In 2011, the European Telecommunications Standards Institute (ETSI) developed the management and orchestration (MANO) model to define and develop standards for NFV in service provider networks. This MANO model has taken on a life of its own, and continues to be referenced as the primary carrier NFV model, although other groups such as OPNFV and vendor-specific software extensions of OpenStack are looking to fill in gaps.
Whether you’re a MANO fan or not, the service providers have made it clear that they are experimenting with NFV and are encouraged by the concept — though there are still many critics who say the business cases for NFV have yet to be established.
In 2015, we learned that the service providers were willing to stand up and speak about NFV and its possible applications. 2016 will be a crucial year for NFV, when the operators start deploying the technology and finding out whether it proves out the ROI and business case or not.
4. John Chambers Picked the Perfect Moment to Retire
It was fun to get involved in the John Chambers retirement prediction sweepstakes. After years of deliberation, he finally pulled the trigger. And it seems as if Chambers, the CEO at Cisco for two decades, picked the right time.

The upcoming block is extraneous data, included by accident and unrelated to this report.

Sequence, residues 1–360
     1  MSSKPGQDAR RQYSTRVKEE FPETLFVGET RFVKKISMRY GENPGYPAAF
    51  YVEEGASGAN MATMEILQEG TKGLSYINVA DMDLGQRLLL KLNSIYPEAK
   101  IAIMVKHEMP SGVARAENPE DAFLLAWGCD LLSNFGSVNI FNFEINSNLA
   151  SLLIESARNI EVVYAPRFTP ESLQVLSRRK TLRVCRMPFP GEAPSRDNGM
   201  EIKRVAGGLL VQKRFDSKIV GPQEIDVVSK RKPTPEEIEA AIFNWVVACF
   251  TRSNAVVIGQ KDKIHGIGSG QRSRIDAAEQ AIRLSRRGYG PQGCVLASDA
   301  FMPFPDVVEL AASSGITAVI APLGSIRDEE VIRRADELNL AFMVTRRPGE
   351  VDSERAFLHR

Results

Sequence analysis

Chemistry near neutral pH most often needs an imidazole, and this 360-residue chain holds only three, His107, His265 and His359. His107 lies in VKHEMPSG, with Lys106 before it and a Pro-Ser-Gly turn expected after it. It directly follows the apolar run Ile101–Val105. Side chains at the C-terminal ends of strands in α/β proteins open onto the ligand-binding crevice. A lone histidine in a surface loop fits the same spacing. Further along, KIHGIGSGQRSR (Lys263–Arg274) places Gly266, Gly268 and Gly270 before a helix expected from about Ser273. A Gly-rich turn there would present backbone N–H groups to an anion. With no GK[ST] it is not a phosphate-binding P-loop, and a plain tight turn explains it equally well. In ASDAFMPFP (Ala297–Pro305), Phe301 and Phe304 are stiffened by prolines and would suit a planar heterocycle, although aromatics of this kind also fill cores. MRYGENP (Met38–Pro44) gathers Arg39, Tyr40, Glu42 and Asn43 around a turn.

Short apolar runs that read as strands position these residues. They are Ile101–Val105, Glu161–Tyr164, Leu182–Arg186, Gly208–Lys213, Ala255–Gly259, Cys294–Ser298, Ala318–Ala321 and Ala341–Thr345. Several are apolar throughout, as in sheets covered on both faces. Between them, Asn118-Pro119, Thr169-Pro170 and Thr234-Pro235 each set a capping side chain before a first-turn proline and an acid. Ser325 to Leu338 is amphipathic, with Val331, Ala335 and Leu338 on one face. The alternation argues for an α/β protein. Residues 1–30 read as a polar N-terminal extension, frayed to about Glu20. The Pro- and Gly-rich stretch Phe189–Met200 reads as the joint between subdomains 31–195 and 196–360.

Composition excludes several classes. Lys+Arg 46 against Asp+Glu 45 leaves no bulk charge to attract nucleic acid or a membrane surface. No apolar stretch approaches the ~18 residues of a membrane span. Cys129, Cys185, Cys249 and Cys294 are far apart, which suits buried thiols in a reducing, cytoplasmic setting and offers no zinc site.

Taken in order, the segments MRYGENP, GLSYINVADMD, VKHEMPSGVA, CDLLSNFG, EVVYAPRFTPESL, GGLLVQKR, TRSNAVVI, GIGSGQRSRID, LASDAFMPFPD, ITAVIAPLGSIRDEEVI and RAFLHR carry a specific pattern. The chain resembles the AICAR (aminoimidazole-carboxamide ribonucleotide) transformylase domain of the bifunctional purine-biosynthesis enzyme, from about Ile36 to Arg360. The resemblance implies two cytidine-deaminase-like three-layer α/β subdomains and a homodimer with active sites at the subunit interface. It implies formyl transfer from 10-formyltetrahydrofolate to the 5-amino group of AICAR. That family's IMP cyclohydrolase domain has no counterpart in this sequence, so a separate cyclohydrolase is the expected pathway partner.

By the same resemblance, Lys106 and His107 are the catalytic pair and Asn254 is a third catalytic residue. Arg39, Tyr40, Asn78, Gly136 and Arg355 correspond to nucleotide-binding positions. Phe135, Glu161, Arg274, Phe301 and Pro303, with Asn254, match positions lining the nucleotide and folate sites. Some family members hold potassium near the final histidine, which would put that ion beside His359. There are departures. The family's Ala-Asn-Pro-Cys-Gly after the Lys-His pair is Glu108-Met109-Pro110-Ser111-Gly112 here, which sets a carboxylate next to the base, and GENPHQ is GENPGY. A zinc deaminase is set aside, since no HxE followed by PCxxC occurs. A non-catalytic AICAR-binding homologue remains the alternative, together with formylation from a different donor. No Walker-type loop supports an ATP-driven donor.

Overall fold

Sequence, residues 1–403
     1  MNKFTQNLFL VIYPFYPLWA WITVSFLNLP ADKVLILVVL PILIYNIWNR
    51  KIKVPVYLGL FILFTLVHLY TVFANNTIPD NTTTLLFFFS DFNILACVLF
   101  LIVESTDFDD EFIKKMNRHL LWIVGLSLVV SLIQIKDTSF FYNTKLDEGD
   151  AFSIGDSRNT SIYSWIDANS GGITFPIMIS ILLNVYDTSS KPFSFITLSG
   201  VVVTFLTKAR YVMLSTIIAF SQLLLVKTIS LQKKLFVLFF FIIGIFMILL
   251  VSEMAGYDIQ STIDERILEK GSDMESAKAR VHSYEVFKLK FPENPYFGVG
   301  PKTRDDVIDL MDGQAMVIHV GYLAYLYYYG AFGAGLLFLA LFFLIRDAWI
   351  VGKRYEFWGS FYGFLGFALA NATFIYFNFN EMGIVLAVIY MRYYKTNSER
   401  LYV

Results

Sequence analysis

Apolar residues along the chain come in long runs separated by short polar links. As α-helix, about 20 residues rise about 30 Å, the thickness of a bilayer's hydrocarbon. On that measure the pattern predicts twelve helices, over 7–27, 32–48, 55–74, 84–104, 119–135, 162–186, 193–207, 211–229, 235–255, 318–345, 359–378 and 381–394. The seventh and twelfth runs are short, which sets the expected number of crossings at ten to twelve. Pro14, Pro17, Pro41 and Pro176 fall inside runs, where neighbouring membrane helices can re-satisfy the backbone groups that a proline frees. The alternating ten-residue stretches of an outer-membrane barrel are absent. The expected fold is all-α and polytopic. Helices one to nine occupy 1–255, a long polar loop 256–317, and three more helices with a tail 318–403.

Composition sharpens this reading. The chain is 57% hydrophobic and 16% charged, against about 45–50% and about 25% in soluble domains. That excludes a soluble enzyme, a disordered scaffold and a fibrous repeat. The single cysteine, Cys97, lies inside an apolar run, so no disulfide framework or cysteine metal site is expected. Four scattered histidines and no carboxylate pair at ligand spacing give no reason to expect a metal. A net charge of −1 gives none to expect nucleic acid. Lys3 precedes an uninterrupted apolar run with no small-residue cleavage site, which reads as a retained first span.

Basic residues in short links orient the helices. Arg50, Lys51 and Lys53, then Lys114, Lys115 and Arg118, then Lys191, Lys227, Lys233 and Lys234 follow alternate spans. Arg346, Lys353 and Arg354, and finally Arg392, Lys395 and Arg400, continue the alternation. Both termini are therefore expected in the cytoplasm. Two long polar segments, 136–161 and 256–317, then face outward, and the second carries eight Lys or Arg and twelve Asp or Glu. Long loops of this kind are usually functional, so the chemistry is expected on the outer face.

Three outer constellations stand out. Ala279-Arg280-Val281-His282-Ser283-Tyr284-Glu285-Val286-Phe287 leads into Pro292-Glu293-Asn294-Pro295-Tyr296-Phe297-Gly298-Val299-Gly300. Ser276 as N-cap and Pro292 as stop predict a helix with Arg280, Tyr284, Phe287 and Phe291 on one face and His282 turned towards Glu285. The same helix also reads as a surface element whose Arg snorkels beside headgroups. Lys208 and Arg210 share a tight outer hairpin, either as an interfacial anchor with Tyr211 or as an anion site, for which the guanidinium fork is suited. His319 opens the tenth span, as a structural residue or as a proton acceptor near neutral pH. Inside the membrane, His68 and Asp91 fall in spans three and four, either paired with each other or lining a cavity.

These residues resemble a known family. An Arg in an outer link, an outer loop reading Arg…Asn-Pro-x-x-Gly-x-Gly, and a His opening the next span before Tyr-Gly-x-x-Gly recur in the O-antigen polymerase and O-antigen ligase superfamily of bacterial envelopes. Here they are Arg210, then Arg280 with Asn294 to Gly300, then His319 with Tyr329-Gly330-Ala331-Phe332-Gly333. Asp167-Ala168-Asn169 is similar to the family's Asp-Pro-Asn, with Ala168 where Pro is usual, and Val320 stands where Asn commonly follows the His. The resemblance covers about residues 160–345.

First of all: 20 years is a nice tenure. Chambers built Cisco into the networking powerhouse it is today by acquiring a series of Ethernet switching companies and then using that base to extend into adjacent markets such as data center, security, and services. Chambers also guided Cisco’s SDx strategy with ACI and the Insieme aquisition, and decided that once that strategic direction had been set, it was time to kick himself up to the executive chairman’s office. Cisco remains one of the world’s most profitable technology companies. And while its recent share-price gains haven’t been anything to write home about, Chambers managed to boost the stock price and attract a new class of value investor by upping the dividend share buybacks.